# Output:
# Original list:  ['Spark', 'Python', 'Pyspark']
# Get smallest element is:  Pyspark 

Similarly, you can use the max() function of Python to get the maximum value from a list or an iterable. For example, the max() function is applied to mylist, and it returns the maximum value according to the lexicographic order (based on string comparison). In this case, "Spark" is considered the maximum value because it comes last in lexicographic order among the three elements in the list.


# Initialize list
mylist = ["Spark", "Python", "Pyspark"]
print("Original list: ", mylist)

# Get maximum value 
# Using max() Function
max_value = max(mylist)
print("Get maximum value: ", max_value)

# Output:
# Original list: ['Spark', 'Python', 'Pyspark']
# Get maximum value: Spark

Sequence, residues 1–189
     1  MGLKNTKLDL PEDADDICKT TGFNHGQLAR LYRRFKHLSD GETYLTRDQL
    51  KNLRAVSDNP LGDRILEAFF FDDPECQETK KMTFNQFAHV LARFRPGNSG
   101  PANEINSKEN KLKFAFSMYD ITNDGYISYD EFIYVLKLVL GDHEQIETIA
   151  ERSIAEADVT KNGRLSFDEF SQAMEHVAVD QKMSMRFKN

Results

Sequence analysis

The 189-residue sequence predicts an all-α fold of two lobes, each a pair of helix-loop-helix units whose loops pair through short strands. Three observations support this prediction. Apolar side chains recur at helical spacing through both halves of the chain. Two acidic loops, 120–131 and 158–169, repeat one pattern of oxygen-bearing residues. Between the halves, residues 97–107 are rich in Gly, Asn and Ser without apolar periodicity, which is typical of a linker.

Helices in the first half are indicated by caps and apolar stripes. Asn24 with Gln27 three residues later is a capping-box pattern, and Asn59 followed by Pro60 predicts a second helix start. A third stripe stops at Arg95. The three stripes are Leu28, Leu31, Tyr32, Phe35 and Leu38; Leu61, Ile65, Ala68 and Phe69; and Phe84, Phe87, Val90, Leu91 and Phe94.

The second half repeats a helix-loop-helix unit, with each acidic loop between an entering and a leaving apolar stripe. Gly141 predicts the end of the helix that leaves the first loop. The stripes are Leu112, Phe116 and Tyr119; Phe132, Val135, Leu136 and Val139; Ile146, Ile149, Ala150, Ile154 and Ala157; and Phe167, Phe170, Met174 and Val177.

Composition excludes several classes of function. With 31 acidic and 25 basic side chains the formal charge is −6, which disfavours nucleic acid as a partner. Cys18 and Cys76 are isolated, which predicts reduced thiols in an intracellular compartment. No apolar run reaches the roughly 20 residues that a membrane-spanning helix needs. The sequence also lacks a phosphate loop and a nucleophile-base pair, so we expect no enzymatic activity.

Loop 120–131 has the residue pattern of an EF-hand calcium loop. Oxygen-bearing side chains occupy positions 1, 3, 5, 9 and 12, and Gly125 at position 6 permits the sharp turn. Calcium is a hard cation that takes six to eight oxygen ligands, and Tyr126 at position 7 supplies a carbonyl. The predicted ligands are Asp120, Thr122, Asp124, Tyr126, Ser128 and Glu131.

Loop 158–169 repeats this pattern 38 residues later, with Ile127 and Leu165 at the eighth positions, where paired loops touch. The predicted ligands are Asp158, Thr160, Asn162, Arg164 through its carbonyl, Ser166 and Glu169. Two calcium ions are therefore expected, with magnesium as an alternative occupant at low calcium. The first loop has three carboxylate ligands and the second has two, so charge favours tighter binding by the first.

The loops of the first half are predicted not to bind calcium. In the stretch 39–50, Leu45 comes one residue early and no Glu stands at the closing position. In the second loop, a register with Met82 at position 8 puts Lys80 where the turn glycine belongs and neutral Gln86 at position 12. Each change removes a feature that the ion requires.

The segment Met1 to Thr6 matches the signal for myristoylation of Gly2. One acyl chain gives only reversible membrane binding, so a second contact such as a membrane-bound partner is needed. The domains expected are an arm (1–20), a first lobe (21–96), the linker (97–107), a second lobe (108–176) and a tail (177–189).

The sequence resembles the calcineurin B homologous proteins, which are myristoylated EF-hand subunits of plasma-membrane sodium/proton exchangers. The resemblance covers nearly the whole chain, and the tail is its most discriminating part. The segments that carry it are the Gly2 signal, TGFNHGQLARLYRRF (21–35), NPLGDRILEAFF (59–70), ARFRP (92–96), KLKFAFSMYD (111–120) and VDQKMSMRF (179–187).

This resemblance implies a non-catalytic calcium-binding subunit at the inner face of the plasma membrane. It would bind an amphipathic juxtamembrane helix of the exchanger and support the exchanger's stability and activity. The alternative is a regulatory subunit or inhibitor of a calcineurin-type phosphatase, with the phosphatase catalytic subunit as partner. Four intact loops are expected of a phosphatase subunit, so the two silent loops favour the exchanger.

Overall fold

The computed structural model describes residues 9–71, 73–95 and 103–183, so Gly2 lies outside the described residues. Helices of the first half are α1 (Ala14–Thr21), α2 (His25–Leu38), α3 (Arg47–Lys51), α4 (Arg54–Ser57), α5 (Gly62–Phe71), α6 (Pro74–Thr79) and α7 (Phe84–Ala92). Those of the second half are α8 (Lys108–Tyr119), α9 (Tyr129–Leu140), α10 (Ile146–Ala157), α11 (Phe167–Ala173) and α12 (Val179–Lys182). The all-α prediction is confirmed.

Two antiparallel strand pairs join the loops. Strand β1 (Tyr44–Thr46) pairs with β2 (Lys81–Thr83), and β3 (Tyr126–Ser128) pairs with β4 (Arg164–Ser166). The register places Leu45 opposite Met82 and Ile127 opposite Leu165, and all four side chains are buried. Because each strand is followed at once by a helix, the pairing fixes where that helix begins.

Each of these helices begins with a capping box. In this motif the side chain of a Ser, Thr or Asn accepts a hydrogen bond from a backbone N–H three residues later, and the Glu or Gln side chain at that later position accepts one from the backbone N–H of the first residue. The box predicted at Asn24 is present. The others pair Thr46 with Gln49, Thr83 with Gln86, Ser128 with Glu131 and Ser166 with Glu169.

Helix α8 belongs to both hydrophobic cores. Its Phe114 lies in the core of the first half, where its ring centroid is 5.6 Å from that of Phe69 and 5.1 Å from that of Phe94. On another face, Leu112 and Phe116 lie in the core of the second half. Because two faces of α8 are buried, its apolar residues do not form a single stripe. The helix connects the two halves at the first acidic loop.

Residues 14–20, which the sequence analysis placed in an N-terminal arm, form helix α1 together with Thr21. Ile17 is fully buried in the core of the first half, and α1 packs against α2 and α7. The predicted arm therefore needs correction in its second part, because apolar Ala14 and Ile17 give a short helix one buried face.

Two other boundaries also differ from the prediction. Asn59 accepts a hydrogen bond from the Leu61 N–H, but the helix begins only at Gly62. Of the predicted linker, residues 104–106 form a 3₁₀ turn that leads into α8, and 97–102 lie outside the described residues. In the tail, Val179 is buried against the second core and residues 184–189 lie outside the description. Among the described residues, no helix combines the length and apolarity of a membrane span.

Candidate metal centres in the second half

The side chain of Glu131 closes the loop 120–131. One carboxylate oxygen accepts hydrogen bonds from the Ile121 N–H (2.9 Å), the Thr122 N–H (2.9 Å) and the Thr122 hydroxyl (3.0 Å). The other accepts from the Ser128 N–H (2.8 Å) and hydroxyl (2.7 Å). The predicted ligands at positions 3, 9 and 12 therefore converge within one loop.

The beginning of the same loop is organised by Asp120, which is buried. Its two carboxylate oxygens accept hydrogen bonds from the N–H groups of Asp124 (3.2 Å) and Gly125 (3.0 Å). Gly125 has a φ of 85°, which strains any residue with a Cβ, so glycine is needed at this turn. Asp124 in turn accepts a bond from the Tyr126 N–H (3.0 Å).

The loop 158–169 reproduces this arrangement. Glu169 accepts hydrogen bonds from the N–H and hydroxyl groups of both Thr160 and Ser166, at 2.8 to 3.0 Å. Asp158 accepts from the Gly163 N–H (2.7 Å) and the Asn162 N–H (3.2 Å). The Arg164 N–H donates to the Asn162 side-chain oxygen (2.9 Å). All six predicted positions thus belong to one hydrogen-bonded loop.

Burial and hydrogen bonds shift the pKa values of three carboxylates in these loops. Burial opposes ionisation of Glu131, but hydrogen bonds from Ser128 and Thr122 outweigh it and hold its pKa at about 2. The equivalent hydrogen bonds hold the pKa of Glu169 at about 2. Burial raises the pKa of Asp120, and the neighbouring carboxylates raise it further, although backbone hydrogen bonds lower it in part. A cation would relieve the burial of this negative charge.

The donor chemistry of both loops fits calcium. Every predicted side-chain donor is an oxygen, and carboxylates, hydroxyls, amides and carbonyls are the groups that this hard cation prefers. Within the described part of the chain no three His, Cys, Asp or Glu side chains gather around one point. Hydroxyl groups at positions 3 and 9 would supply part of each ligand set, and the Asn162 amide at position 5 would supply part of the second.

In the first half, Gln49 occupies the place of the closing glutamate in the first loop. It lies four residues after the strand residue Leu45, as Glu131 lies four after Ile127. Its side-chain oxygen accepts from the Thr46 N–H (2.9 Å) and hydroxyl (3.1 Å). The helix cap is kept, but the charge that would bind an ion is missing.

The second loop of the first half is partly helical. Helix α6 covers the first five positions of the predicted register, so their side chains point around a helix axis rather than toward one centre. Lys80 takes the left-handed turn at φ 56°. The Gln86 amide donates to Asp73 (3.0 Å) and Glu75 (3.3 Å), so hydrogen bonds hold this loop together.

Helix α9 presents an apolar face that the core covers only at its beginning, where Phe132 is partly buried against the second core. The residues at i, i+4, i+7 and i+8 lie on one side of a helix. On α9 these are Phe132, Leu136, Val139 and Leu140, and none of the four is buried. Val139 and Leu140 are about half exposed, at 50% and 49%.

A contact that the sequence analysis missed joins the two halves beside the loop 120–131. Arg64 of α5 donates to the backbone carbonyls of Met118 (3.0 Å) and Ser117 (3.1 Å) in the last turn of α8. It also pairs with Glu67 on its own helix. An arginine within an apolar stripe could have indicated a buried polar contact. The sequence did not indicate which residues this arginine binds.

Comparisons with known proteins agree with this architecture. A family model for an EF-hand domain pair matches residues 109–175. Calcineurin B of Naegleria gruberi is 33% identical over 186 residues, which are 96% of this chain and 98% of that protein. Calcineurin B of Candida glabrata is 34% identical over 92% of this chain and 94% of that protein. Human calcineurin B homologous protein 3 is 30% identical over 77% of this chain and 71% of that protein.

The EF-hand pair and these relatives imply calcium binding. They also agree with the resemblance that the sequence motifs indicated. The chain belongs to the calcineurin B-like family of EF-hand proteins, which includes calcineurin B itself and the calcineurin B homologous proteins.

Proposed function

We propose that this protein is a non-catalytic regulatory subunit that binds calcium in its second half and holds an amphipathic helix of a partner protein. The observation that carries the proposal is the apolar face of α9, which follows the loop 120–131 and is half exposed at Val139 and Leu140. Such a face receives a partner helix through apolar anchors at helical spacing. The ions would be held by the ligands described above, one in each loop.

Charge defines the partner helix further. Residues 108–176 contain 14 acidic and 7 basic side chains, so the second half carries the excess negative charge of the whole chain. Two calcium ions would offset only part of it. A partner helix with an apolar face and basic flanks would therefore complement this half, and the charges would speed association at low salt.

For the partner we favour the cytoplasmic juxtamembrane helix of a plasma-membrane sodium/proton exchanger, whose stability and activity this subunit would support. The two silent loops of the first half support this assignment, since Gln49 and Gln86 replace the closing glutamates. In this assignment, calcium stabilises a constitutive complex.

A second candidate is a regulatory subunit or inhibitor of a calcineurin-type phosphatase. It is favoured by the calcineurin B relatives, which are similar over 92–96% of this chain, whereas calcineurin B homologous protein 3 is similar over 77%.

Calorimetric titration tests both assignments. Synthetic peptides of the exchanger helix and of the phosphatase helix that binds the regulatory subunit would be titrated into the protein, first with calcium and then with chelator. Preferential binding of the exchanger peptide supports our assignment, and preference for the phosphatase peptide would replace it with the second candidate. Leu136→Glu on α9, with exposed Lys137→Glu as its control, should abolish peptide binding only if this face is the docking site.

2.10 Using reverse() Method

The list reverse() method is used to reverse the elements in the list. The below examples take the list of strings and reverse the elements in the list.


# Initialize list
mylist = ["Spark", "Python", "Pyspark"]
print("Original list: ", mylist)

# Using reverse()
mylist.reverse()
print("Reversed List: ",mylist)

# Output:
# Original list:  ['Spark', 'Python', 'Pyspark']
# Reversed List:  ['Pyspark', 'Python', 'Spark']

2.11 List Concatenate

You can use the + operator to concatenate the lists. Simply, apply the operator between the lists and get the concatenated list. In this program, the + operator is used to concatenating list1 and list2. It creates a new list that contains all the elements from list1 followed by all the elements from list2, resulting in the concat_list. Using the + operator is a straightforward and efficient way to concatenate lists in Python.


# Initialization list
list1 = [1, 3, 5]
list2 = [7, 9, 11]

# Concatenated list 
# Using + Operator
concat_list = list1 + list2 
print ("The concatenated list is:", concat_list)

# Output: